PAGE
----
The functional data analysis of hourly air pollution data: Canonical correlation and principal component analyses of PM10, PM2.5 and ozone data for El Paso, Texas

Vernon Samuels, University of Texas at El Paso

Abstract

This study investigates diurnal patterns and the associations between the daily hourly measurements of air pollutants PM2.5 and Ozone collected over a six year period at the air monitoring stations Cams 12 at 250 Rim Road, and Cams 40 at Sun Metro Station, El Paso. Those days having 5 or more hours of data were considered missing days and omitted from the data analysis. For those days with fewer than 5 hours of missing observations, P-splines were used to reconstruct the curves on the entire interval [0,23]. Then using the functional data software for S Plus pioneered by Prof. Jim Ramsay, principal component analysis and canonical correlation analysis were performed on the data. For the functional data analysis, the preferred regression spline basis functions are the cubic B-splines. A discussion on nonparametric regression and splines is included. On the basis of the results of the analysis, it was found that no significant relationship exists between PM2.5 and Ozone.^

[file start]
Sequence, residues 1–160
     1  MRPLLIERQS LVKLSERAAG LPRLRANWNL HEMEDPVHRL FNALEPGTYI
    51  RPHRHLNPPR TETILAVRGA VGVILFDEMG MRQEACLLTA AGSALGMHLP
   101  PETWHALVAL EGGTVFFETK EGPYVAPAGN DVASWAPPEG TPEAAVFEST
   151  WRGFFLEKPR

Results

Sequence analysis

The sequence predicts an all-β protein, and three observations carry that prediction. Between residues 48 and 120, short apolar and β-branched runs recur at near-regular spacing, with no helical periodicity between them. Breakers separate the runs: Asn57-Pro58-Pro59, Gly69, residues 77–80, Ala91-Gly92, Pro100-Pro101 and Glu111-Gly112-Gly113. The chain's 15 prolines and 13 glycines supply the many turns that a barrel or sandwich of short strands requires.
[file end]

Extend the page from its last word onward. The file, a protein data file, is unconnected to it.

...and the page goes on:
Subject Area

Statistics

Recommended Citation

Samuels, Vernon, "The functional data analysis of hourly air pollution data: Canonical correlation and principal component analyses of PM10, PM2.5 and ozone data for El Paso, Texas" (2006). ETD Collection for University of Texas, El Paso. AAI1439480.
http://digitalcommons.utep.edu/dissertations/AAI1439480

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